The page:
by Lucinda Hutson
Photography by John Pozdro
It’s warm and steamy in my kitchen—a glorious reminder that I’ve survived another summer in Central Texas. Autumn has arrived, bringing with it my reclamation of kitchen and hearth. Mysterious and alluring aromas permeate the room: a charred scent mingles with the sweet perfume of peppers roasting close to the flame.
I’m making one of my favorite recipes: roasted then marinated tricolor pepper strips (red, yellow and orange bell peppers) with a few green poblanos for added piquancy and color. They’re fragrant with garlic and garden fresh snippets of marjoram and basil, bathed in Mediterranean (or Texas) olive oil and splashed with sherry and balsamic vinegars for a slight sweetness and depth of flavor.
Perhaps I’ll lightly pound and season a butterflied pork tenderloin, top it with tangy peppers and some long sprigs of sweet marjoram, roll it up and rub it with olive oil and a generous dusting of paprika before roasting. Cut into medallions to showcase the colorful centers, they’ll taste delicious served hot or cold. Maybe I’ll tuck the peppers inside a golden omelet made with farmers market eggs, or add a lovin’ spoonful to soups and stews, or toss them with pasta, dabs of chèvre and freshly grated Parmesan, or stuff them into mushroom caps with chopped green onions and soft cheese and broil. And there’s always the chance I’ll just simply puree the pepper strips with toasted walnuts and bread crumbs to make a thick and hearty spread.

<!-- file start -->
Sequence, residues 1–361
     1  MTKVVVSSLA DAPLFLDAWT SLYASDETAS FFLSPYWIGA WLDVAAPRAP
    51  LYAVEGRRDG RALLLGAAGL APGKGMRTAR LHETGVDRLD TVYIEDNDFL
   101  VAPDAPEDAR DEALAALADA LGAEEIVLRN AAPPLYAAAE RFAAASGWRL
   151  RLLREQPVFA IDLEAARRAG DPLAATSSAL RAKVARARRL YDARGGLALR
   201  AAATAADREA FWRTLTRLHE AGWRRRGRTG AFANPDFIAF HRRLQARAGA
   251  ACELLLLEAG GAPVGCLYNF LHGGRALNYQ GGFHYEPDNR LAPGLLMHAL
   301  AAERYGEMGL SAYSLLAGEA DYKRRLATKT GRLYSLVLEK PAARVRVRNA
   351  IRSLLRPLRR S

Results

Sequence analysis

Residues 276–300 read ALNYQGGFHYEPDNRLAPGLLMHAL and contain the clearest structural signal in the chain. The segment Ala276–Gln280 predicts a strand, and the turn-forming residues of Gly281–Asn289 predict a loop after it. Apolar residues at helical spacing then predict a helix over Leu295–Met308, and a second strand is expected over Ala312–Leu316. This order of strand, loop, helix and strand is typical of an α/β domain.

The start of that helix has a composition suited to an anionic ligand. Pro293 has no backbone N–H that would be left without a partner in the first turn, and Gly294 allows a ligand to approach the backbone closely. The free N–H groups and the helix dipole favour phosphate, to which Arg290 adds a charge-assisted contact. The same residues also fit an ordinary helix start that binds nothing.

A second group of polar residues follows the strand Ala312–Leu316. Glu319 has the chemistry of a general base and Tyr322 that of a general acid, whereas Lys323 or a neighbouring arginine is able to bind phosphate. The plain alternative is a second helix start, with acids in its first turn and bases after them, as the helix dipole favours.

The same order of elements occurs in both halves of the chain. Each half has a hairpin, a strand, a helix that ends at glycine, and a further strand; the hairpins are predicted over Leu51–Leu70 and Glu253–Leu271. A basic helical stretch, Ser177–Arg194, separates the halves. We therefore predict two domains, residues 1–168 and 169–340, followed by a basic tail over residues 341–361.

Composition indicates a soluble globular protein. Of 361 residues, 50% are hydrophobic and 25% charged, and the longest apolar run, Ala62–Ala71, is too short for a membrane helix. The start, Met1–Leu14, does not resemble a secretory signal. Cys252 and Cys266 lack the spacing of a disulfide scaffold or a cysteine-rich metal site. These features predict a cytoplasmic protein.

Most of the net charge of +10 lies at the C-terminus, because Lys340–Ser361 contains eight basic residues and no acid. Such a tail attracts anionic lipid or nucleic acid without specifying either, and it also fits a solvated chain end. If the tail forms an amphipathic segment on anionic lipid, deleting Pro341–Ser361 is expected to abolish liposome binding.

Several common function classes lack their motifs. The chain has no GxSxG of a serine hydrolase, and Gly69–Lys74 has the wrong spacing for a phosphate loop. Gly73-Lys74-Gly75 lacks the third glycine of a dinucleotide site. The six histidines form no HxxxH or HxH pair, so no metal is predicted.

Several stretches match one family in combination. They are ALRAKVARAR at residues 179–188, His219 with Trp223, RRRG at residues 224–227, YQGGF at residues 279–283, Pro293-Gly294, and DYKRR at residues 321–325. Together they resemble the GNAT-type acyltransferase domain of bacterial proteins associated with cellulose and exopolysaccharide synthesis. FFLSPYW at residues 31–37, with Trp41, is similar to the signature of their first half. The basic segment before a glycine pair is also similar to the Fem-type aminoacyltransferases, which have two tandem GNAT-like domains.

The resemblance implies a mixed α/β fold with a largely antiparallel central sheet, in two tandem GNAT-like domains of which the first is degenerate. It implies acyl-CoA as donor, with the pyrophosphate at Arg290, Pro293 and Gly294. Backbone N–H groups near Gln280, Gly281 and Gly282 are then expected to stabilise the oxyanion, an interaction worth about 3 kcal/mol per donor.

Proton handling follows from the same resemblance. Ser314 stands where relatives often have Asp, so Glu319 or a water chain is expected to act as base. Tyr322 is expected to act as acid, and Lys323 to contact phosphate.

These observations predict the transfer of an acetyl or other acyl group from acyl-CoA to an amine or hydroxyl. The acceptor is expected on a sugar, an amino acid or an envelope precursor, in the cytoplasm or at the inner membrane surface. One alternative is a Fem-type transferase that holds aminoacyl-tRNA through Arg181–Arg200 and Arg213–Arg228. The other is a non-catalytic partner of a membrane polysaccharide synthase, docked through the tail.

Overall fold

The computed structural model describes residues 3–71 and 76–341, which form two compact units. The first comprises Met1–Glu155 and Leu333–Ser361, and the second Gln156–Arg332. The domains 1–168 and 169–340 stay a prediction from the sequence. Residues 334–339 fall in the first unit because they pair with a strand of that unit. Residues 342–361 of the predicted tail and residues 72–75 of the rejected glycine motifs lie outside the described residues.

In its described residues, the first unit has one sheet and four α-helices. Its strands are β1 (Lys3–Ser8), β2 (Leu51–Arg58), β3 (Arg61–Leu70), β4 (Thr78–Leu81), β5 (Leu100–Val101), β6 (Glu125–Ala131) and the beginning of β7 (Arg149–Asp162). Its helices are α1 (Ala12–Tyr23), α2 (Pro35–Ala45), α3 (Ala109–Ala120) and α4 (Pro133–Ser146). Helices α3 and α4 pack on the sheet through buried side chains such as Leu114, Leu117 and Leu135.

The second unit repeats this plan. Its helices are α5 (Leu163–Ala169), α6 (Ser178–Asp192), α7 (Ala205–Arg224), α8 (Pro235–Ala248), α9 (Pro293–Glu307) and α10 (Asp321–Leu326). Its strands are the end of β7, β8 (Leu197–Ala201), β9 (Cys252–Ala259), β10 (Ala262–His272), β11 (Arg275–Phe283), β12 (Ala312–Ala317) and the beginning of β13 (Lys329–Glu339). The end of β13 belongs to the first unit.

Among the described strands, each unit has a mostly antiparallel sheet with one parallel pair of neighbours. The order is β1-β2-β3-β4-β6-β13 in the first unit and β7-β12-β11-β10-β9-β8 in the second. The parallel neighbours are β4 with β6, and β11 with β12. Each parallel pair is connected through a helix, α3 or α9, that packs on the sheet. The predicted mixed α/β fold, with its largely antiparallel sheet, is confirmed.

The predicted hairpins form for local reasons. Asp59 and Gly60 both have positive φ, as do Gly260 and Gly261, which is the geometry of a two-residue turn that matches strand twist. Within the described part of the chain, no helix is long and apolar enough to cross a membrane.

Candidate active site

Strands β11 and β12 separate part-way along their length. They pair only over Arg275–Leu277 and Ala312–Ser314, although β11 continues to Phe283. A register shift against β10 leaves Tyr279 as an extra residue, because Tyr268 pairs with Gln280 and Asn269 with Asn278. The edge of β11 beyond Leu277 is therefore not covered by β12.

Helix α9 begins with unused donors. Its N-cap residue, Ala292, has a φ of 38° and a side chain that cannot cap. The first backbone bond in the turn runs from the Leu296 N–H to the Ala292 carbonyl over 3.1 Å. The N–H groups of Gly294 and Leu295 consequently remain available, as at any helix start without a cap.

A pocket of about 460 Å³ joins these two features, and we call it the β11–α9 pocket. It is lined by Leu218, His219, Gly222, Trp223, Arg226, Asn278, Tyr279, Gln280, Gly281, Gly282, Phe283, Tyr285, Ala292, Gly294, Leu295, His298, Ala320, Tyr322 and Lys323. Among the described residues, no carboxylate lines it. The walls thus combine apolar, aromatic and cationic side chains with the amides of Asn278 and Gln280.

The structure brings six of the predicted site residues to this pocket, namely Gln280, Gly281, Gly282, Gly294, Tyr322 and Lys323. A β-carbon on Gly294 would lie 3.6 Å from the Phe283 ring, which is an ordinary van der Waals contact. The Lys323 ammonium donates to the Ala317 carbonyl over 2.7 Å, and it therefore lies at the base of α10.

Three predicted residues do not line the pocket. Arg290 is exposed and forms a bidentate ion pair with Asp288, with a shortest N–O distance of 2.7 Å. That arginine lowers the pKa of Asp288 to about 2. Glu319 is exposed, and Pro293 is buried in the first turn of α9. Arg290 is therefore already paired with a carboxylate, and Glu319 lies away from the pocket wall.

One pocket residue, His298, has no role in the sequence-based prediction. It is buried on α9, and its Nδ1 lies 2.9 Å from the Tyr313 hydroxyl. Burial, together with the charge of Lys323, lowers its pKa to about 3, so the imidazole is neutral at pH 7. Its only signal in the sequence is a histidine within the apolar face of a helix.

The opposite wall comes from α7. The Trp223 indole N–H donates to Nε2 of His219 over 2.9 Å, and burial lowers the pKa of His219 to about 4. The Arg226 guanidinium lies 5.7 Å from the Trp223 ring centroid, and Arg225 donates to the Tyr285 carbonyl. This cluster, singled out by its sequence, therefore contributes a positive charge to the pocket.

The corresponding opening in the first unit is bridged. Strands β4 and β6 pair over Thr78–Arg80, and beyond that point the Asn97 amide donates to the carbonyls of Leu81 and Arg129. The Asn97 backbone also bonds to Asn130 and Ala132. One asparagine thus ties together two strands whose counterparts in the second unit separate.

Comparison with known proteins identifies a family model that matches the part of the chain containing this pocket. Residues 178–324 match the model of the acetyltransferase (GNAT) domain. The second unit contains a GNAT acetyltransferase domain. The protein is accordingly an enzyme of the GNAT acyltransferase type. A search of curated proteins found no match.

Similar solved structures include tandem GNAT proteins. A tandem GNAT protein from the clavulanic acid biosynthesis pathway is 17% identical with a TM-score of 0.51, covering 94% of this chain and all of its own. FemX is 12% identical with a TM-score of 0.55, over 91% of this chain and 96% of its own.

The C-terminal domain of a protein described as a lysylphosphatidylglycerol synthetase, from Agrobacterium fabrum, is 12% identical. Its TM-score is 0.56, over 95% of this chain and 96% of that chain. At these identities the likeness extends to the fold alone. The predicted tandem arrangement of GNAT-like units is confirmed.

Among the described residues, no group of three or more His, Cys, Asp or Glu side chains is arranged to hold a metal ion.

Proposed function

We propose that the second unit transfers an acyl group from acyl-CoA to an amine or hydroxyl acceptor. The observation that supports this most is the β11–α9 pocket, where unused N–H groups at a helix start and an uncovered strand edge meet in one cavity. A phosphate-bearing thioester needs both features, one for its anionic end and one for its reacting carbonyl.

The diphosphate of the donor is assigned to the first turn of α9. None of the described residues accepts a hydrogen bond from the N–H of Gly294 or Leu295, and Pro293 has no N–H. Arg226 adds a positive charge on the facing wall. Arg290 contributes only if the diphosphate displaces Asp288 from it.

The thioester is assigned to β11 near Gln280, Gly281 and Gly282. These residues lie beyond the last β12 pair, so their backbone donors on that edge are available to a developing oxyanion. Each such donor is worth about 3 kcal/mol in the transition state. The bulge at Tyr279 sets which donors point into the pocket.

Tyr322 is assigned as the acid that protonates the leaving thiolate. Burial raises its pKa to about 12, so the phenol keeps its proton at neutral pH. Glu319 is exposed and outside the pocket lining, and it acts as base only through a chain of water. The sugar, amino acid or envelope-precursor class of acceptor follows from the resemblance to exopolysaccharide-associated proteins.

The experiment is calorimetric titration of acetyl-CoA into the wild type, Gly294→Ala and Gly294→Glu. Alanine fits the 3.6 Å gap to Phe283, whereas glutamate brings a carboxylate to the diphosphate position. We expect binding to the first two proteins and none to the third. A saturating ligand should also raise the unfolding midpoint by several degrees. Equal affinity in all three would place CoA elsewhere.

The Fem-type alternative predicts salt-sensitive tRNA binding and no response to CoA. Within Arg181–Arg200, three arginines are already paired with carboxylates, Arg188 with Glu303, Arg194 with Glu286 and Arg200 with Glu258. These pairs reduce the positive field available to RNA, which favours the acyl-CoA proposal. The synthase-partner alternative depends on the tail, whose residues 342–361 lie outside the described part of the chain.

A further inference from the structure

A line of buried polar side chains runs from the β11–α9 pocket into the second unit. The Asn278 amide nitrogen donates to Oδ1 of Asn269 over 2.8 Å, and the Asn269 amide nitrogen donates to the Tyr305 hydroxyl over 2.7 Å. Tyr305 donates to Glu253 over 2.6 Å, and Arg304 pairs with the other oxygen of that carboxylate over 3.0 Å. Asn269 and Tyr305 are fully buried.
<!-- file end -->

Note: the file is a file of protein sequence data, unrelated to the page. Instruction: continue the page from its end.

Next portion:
While shopping for the ingredients to make this versatile base dish of marinated peppers, I had another inspiration. Upon seeing the plump and colorful bell peppers, I decided to cut off their stem tops, remove the seeds and veins and fill them with my Mo’ Better than Pimento Cheese spread (recipe follows). These pepper “bowls” look so beautiful on the fall table interspersed among baby pumpkins and ornamental squash, whole poblanos and Hatch chiles, long stems of aromatic rosemary, whole garlic heads and other seasonal produce arranged as a runner or centerpiece.
Guests can also spread the pimento cheese on crostini or stuff it into celery stalks or bell pepper wedges. Set the remaining dish of marinated pepper strips on the table for additional garnishing. Chunks of rustic bread or small cornbread muffins served in a basket alongside bowls of the cheese spread accompany hearty autumn soups and stews, Texas chili or frijoles. Are y’all hungry, yet?
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